Boris Johnson expelled more than 20 MPs from the Tory party last night after they rebelled against him in the battle to stop a no-deal Brexit.
Parliament last night voted 328-to-301 in favour of a motion giving MPs control of the order paper today, allowing them to propose legislation aimed at forcing Johnson to seek an extension to Article 50 from European Council President Donald Tusk.
Johnson vowed never to accept such an order and instead demanded a general election to determine “who will go to Brussels to sort this out” and negotiate the UK’s departure.
In total, 21 Tories voted against the government, despite being threatened with having the whip removed and being barred from standing as a Conservative candidate.
Among the group of MPs no longer able to sit as Conservatives are former chancellor Philip Hammond, Father of the House Ken Clarke and former justice secretary David Gauke. Also kicked out were a former business secretary, former attorney general and Nicholas Soames – grandson of Winston Churchill.
A source close to the group of rebels last night asked, “what has happened to the Conservative party?”
Earlier in the day, Tory MP Phillip Lee defected to the Liberal Democrats.
Speaking immediately after the vote late last night Johnson, who has repeatedly said he would not delay the process any further, told MPs he would seek a General Election under the Fixed Term Parliaments Act.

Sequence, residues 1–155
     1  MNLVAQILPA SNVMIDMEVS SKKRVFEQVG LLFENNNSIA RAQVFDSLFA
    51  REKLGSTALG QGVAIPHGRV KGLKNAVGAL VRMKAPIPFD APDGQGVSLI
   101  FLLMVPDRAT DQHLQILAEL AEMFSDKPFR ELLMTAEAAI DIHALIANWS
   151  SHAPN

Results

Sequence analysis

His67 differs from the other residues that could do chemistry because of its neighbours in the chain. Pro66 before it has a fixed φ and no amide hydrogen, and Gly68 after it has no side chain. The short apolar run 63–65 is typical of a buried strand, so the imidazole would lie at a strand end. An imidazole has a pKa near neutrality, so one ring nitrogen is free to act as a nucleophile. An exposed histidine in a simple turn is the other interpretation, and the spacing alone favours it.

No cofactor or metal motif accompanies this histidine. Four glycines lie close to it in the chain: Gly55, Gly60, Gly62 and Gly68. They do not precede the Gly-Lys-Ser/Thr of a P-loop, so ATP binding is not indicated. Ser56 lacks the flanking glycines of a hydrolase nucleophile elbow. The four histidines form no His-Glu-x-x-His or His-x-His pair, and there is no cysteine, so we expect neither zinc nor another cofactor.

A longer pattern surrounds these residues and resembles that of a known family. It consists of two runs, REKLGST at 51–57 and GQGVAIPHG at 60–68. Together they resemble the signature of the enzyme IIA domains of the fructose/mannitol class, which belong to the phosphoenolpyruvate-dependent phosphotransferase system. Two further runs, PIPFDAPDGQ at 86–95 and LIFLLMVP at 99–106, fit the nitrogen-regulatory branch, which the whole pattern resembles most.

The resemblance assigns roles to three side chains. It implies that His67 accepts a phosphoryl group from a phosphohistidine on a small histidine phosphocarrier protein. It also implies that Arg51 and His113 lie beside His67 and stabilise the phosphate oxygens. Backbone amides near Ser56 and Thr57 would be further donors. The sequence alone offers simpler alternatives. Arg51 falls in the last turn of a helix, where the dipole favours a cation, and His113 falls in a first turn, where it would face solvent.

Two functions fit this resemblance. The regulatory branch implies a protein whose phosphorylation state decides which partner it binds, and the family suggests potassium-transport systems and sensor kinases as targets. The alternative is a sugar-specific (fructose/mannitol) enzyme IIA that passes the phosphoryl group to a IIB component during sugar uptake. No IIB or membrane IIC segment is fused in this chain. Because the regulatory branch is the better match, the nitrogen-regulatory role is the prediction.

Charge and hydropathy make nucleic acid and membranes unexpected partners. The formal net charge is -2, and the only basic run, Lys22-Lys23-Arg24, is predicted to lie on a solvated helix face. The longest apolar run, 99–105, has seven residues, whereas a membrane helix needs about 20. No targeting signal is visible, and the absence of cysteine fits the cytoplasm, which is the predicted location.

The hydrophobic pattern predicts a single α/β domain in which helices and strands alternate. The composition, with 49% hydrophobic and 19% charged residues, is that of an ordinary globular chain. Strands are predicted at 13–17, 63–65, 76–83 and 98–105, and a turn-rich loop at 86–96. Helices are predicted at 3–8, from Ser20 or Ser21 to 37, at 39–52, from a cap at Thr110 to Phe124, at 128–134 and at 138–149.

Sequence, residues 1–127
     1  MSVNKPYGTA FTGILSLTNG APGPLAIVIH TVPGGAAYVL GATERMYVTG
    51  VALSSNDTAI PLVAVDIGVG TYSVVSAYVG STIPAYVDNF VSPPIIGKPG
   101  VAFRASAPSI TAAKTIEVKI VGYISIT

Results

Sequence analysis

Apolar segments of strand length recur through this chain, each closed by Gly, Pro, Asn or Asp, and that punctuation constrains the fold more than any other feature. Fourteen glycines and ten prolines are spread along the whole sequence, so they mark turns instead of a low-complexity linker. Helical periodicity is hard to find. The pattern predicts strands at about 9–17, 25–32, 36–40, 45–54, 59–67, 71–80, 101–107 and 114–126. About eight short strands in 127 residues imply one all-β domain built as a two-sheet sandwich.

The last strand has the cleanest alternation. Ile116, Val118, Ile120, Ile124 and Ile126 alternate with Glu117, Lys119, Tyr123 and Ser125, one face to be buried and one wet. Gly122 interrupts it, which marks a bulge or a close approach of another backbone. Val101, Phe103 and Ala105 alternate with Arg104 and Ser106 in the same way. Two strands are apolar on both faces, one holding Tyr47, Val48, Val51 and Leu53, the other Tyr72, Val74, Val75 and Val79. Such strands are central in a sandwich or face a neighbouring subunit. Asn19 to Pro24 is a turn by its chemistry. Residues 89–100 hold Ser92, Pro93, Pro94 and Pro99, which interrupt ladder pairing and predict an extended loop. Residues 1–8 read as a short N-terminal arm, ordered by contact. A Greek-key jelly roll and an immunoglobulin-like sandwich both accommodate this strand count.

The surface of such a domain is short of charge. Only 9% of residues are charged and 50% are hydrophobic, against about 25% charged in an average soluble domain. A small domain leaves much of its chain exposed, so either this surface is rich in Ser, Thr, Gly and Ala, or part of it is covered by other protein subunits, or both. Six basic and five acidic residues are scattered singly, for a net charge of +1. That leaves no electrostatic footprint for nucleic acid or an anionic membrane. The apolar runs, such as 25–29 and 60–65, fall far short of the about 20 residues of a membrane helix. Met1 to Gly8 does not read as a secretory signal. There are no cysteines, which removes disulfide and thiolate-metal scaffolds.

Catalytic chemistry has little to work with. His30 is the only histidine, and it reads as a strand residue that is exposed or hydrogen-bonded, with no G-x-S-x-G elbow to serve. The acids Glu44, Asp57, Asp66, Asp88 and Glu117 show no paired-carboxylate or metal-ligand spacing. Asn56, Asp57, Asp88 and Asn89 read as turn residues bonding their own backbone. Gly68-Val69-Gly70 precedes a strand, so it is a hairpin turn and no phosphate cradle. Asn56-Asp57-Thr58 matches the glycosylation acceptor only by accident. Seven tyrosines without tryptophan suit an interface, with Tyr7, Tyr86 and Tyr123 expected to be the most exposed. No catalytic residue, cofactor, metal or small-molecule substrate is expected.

“Let there be no doubt about the consequences of this vote tonight,” Johnson said. “It means that parliament is on the brink of wrecking any deal we might be able to strike in Brussels… And that would mean more dither, more delay, more confusion.
“I don’t want an election; the public don’t want an election, but if the House votes for this bill tomorrow the public will have to choose who goes to Brussels on 17 October to sort this out and take this country forward,” said Johnson.
“I don’t want an election but if MPs vote tomorrow to stop the negotiations and to compel another pointless delay of Brexit, potentially for years, then that will be the only way to resolve this.”
But Labour leader Jeremy Corbyn made it clear he would not back the Prime Minister’s move to call an election, which needs a two-thirds majority to pass.
“He wants to table a motion for an election,” said Corbyn. “Fine. Get a bill through first, in order to take no deal off the table.” Liberal Democrats leader Jo Swinson echoed those calls.
Despite the government’s Brexit strategy being thrown into turmoil, chancellor Sajid Javid is still expected to reveal £2bn of new Brexit funding during the spending review today.
The spending review, which is now likely to take the form of a written ministerial statement, will commit the cash for projects linked to Brexit delivery.
This includes funding for the Home Office to support Border Force capability, wider support around UK ports funded by the Department for Transport, and money for the Department for Business, Energy, Innovation and Skills (BEIS) to explore developing the UK’s own Global Navigation Satellite System.
It means more than £8.3bn will have been spent planning for and delivering Brexit since the referendum in 2016.